Old Bikes, Older Racers And Fast Laps At The 2018 Corsa Motoclassica

Has it really been 12 years since I last attended the Corsa Motoclassica at Willow Springs Raceway in Rosamond, California? A lot of things have changed and a lot of things have stayed the same. Willow Springs still feels (and looks) like the place I raced a box stock Suzuki GS550 in 1978. There are new attractions around the main road circuit (the Walt James Stadium, a kart track, skid pad, the Streets of Willow) but Big Willow is still the raceway’s heart and little has changed. It is at Big Willow that the American Historic Motorcycle Racing Association (AHRMA) racers gathered for the 2018 Corsa Motoclassica.

NEW VINTAGE
The most noticeable difference was more classes because the last time I attended, 1990 and early-2000 motorcycles were not “vintage” yet. Now, they are welcomed by AHRMA. The next obvious difference was younger riders. They may not have been (on average) younger than the 2006 event, but I’m 12 years older so they looked younger to me. Still, gray hairs were the biggest contingent of racers.

MISSING IN ACTION
The Garage Company founded the event and used to be the title sponsor. This year, they were not even on the event poster. Bummer. Seeing Yoshi Kosaka (the owner of the Garage Company) at the 2006 event on his beautiful MV Agusta was a highlight. The Garage Company website said to visit them at the event, but I never saw their display if they had one.

Also, the late Gilles Vailancourt was racing back in 2006. Gilles, an AMA Motorcycle Hall of Fame member and owner of Works Performance Products, died of a heart attack in 2015. I did more than one double-take this year when I thought I saw Gilles walking through the pits with a shock in his hand. The event was not the same without him.

SHOW AND SWAP
It may be due to Yoshi’s absence but the vintage bike show was not as impressive as the last time I attended. There were interesting bikes on display, but there weren’t as many of them. The swap meet was weak in 2006 and it was weak this year too. It seems that every old desert hoarder from Rosamond to Lancaster drag their sandy backyards and anything metal that the tilling reveals gets thrown in the a pickup and offered at the swap meet. Okay, I’m exaggerating, but not by much. The vendor row was lean.

DESERT RACING
The 2018 event didn’t live up to the last one I attended, but with an admission price of $15, I got my money’s worth. Roaming the pits is a pleasure for two reasons. The first is checking out all the amazing vintage race bikes from better-than-new steeds to duct-taped-and-safety-wired abominations. The second reason is the people. They are an interesting cast of charactors. And yes, the racing is pretty fun to watch too. Hope to be back in 2019.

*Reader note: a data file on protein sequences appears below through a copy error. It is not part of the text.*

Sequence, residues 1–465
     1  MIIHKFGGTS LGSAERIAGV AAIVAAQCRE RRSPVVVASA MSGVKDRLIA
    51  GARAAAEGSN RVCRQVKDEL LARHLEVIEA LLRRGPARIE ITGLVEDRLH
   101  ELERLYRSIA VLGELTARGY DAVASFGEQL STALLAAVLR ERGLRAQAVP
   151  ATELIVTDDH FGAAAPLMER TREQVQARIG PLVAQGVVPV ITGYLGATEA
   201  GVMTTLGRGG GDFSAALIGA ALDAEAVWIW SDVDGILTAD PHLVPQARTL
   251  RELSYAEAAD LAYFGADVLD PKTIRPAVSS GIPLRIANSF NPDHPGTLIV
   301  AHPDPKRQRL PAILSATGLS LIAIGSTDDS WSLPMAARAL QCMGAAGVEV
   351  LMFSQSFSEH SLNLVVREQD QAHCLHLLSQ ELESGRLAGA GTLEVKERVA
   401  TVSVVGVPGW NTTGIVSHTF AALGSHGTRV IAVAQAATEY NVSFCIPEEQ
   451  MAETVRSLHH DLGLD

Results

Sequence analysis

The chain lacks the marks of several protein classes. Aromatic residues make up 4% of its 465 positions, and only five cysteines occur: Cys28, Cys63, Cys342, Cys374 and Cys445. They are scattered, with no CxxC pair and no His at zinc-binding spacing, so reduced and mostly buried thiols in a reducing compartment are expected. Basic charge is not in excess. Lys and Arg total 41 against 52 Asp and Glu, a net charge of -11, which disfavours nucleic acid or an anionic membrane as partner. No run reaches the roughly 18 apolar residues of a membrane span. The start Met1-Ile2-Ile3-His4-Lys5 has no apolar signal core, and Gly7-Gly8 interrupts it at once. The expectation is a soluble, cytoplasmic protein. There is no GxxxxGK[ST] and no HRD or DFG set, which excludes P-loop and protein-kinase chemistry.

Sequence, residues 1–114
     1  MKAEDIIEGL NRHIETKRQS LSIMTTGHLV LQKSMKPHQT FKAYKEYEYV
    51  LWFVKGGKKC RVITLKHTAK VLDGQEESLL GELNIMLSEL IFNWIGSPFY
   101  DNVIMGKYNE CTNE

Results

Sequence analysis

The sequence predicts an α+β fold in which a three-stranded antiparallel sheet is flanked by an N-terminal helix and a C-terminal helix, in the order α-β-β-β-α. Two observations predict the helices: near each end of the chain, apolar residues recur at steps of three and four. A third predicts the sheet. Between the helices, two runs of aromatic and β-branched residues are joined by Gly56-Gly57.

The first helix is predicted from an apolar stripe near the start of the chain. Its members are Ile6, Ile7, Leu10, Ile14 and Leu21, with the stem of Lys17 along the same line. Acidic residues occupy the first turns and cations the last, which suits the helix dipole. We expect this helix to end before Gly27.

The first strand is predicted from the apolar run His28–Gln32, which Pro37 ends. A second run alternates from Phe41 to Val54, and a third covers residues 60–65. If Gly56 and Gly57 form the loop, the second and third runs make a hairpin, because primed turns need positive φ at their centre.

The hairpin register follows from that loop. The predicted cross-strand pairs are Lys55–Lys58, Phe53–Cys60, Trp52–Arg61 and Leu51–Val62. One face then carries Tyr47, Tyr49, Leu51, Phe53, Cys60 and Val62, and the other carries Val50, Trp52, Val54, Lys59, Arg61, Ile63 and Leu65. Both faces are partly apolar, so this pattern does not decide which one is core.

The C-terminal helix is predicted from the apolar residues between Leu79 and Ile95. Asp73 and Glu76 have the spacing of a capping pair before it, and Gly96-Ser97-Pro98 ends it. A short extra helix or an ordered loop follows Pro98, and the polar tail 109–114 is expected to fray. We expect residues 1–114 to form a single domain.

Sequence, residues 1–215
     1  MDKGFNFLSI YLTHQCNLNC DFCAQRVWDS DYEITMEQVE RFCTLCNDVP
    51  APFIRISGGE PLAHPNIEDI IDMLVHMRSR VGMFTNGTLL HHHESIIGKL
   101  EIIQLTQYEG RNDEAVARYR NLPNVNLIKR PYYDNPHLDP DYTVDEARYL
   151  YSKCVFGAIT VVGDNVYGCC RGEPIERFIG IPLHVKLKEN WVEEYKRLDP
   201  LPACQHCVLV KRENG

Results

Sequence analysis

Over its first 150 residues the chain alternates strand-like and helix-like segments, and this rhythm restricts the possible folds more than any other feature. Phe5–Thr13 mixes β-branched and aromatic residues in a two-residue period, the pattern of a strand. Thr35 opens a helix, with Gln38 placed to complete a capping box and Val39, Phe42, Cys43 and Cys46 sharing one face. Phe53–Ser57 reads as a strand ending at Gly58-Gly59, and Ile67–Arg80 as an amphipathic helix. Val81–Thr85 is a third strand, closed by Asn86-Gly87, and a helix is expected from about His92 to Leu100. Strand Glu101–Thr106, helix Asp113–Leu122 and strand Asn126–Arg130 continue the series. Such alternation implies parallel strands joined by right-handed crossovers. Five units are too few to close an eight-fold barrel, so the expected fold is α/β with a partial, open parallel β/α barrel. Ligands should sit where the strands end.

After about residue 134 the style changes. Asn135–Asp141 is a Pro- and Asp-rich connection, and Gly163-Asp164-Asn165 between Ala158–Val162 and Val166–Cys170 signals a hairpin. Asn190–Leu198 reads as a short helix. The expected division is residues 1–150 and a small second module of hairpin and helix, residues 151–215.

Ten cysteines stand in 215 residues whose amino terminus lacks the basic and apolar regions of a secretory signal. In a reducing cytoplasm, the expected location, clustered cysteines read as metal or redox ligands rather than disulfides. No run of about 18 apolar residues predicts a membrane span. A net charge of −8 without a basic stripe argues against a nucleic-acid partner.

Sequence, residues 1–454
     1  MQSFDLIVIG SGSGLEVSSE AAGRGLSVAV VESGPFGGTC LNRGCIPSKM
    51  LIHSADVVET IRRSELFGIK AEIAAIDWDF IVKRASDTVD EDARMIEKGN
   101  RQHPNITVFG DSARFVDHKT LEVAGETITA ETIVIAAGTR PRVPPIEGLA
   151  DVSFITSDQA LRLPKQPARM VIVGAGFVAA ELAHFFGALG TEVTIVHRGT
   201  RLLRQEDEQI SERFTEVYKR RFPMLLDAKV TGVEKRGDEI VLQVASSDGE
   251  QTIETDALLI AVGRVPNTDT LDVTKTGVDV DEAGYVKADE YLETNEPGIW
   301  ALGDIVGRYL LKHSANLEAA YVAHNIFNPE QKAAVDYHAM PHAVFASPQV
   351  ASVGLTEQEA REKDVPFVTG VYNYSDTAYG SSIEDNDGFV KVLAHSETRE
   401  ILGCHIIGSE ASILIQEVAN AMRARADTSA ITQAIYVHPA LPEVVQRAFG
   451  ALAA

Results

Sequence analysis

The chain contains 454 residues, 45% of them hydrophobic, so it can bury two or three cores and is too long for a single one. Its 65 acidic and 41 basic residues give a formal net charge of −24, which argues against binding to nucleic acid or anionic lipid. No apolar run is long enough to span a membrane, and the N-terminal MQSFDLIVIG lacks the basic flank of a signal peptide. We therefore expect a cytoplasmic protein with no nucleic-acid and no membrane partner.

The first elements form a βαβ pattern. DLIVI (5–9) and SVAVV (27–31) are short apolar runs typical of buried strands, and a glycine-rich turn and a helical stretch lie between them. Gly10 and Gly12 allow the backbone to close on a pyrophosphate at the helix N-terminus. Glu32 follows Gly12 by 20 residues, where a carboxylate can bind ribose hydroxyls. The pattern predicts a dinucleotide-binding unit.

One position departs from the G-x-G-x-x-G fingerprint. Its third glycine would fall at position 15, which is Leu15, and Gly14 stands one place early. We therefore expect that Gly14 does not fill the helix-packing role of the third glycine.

The bikes may be over 50 years old, but the racers still go at it. The racing is real racing, not a parade lap.
This Kawasaki had the largest expansion chambers of any race bike I’ve ever seen. How does racer David Crussell make right-hand turns? Very carefully.
I’ve seen beefier forks on a mountain bike. A very pretty Triumph.
Vintage racing is serious business. It doesn’t matter how old the bikes (or riders) are, close racing is close racing.
I’ve shot mostly motocross where you get very close to the action. I need at least a 300mm camera lens to do road racing justice. Still, at the speed these bikes go, I was close enough.
The late Gilles Vailancourt in action way back in 2006. The infield was a little greener.
Anybody who wants to wrestle a Harley around the Big Willow is okay in my book.
The Honda 160 class had a Le Mans start. Racers would run to their bikes, hop on, paddle like crazy, drop the clutch and fire up the engine. It was the biggest class on Saturday.
If you believe vintage racing is a walk in the park, just take a look at this knee dragger.
New riders are required to wear a vest so experienced riders give them a little extra space. This new rider gave himself extra space by riding away from “experienced” riders. If that Ducati is a vintage bike, can you imagine what their new bikes look like?
A very clean BMW air-cooled boxer twin. You know you have leaned far enough when the cylinder head scrapes the pavement.
I only attended Saturday’s racing so maybe Yoshi Kosaka showed up on Sunday. This is Yoshi from 2006.
One very sweet trophy.
Walking the pits was more fun than checking out the vintage bike show.
My Best In Show trophy goes to this beautiful Honda CB750. I would have loved to ride this one home.
Hondas were the largest contingent of vintage bikes and it’s no wonder. These little CB160s and 350s seem to run forever.
This one goes out to Norman. It might be prettier than yours, but yours gets ridden.

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